The SecuROM driver is now removed from your system and should no longer generate errors. You can now apply the Reloaded Patch below to play without SecuROM.

Other issues

Some issues might not always be so obvious, but fortunately, this is an Unreal Engine 3 game. There's tons of information available straight from the source and third-party forums around the web. Chances are you'll be able to identify the problem and fix it in no time.

SecuROM is STILL giving me trouble! Help!

When a product has been completely abandoned by its creators, there exists a fine line between piracy and preservation. While I firmly believe in owning legitimate licenses of software, there may be times when obtaining one is impossible, and/or times when legitimate users must resort to unauthorized means to continue using software they already own.

I would highly encourage TRON: Evolution players to follow the above guide first, but in the event SecuROM activation fails or shuts down for good, alternatives do exist to get into the game. These methods will break DRM, but considering Disney itself no longer owns a license to the DRM... well, let's just say it's a gray area.

The following tools are provided here in the interest of preservation only--I leave it to you to make any moral judgment calls about using them.

Note that Windows 11 users will need to use both tools to successfully enter the game!

80_PA SecuROM true offline activation tool

If the official SecuROM "offline" activation is shut down for good, a tool exists which can generate unlock codes for you directly on your PC (you know, actually offline). The 80_PA utility uses the same algorithm and behaviors as the real SecuROM activation service, so the results are indistinguishable from the real thing, as far as your PC is concerned.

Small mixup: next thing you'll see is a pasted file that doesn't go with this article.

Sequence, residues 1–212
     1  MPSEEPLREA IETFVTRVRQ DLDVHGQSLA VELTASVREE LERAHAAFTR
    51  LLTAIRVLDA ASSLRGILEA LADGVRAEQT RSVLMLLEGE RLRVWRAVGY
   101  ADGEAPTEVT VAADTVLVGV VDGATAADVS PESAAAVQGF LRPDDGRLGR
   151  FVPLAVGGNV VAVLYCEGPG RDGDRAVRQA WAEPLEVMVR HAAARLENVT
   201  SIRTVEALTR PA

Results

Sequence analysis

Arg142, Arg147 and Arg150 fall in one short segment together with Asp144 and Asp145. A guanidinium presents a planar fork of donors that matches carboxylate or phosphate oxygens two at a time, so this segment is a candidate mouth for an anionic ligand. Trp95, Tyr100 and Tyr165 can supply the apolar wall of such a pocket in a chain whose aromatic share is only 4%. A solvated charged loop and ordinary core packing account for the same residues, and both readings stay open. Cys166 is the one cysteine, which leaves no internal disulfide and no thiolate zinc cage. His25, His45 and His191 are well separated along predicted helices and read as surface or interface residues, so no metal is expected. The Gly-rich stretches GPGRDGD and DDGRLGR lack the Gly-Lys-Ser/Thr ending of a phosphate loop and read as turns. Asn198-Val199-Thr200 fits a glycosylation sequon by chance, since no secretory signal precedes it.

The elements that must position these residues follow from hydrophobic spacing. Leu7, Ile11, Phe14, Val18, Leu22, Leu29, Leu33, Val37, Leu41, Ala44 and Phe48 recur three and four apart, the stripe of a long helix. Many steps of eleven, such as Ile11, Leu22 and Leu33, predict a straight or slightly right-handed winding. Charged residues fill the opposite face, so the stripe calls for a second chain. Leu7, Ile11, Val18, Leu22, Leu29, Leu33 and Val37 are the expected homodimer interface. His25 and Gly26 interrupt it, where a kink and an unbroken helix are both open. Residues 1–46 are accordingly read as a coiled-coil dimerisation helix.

Important Notice: Some antivirus software may detect 80_PA as ransomware or a trojan. I have personally verified these are false positives, and are triggered because the utility has the ability to make changes to the Windows registry. Ironically, it only uses it to identify and remove invasive registry entries by SecuROM itself. (Insert "DRM is malware" meme here.) Many other antivirus applications detect that 80_PA is clean. That being said, I cannot guarantee 80_PA is safe to use. Proceed with caution, and use at your own risk! To safeguard your PC, you may wish to run 80_PA in a virtual machine or with 'sandboxing' software such as Sandboxie.

If you wish to continue, you can download a backup I created of 80_PA here.

TRON: Evolution Reloaded patch

If activating SecuROM is not an option, your only chance at getting into TRON: Evolution is to patch it out. A modified executable by Reloaded exists to circumvent the game's DRM and boot without any SecuROM fuss at all. Some might even see it as the ideal way to play the game in a post-SecuROM world.

Installation is simple: just extract the modified files to your program files' ..\TRON Evolution\Binaries\Win32\Live directory and overwrite when prompted. Then run GridGameLauncher.exe, and you're in.

If you purchased TRON: Evolution through Steam, unfortunately, this method will break launching the game from your Steam library. However, you can add GridGameLauncher.exe as a non-Steam game and configure the artwork yourself, then hide the original for nearly the same experience.

Important Notice: Some antivirus software may detect the file rld.dll in the Reloaded patch as a trojan. This is triggered because the DLL uses obfuscated code--meaning, it intentionally hides its function. Obfuscation in itself does not indicate malicious intent, it simply makes it harder to judge what the code will and will not do. Some antivirus will elect to distrust any obfuscation by default, while many other antivirus applications detect rld.dll is clean. I have not personally detected any negative side effects or unwanted background processes while using the Reloaded patch. That being said, I cannot guarantee the Reloaded patch is safe to use. Proceed with caution, and use at your own risk!

If you wish to continue, you can download a backup I created of the Reloaded patch here.


As always, preservation is a developing scenario, and if the game has changed, I will do my best to keep this post updated with the latest information on preserving this piece of tech and pop culture history.

See you in the grid.